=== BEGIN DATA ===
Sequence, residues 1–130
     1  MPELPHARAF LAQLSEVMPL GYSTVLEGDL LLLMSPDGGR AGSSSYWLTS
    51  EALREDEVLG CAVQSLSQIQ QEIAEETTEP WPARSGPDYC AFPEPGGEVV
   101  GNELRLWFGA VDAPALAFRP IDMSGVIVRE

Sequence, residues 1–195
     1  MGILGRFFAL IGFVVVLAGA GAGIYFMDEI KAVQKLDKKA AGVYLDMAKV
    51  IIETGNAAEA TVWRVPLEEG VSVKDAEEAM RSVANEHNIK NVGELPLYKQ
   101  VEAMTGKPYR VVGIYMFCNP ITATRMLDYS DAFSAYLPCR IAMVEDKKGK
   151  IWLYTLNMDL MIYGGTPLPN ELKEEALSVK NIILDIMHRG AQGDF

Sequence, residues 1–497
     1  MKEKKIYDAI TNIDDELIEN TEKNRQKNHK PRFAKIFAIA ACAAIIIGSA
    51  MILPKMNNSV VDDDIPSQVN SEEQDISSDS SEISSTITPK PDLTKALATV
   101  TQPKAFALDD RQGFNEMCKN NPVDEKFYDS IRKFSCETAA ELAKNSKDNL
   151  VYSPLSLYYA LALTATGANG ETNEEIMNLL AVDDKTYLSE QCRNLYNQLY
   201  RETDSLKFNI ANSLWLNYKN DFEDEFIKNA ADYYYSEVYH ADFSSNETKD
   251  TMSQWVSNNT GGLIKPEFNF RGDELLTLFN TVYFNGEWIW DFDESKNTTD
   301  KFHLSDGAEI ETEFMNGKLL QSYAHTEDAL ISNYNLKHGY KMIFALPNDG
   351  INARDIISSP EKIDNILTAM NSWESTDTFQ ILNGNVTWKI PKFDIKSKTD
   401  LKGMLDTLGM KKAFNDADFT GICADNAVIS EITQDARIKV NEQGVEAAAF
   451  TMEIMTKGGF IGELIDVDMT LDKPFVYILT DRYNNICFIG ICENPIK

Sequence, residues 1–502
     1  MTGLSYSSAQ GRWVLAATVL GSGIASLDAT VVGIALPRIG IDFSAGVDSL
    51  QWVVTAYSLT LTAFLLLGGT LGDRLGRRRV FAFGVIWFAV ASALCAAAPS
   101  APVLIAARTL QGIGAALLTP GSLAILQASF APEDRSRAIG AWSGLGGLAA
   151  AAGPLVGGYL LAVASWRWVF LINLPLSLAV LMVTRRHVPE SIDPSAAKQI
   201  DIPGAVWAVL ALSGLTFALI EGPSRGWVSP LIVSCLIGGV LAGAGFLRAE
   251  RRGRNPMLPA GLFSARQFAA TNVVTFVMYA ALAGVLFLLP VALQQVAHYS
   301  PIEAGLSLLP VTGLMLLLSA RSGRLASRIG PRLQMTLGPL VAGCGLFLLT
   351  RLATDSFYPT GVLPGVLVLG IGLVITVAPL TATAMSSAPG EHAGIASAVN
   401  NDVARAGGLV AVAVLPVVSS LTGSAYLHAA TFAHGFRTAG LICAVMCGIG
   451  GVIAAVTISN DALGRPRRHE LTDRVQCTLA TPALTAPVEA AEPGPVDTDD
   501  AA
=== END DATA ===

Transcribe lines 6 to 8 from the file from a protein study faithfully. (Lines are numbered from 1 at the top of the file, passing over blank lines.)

     1  MGILGRFFAL IGFVVVLAGA GAGIYFMDEI KAVQKLDKKA AGVYLDMAKV
    51  IIETGNAAEA TVWRVPLEEG VSVKDAEEAM RSVANEHNIK NVGELPLYKQ
   101  VEAMTGKPYR VVGIYMFCNP ITATRMLDYS DAFSAYLPCR IAMVEDKKGK